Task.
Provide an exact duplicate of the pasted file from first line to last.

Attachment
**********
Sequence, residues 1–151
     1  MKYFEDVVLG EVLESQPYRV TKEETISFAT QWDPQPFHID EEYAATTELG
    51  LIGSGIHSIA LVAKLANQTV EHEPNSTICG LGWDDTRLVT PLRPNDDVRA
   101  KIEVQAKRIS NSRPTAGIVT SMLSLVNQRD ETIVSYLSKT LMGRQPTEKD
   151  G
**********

Sequence, residues 1–151
     1  MKYFEDVVLG EVLESQPYRV TKEETISFAT QWDPQPFHID EEYAATTELG
    51  LIGSGIHSIA LVAKLANQTV EHEPNSTICG LGWDDTRLVT PLRPNDDVRA
   101  KIEVQAKRIS NSRPTAGIVT SMLSLVNQRD ETIVSYLSKT LMGRQPTEKD
   151  G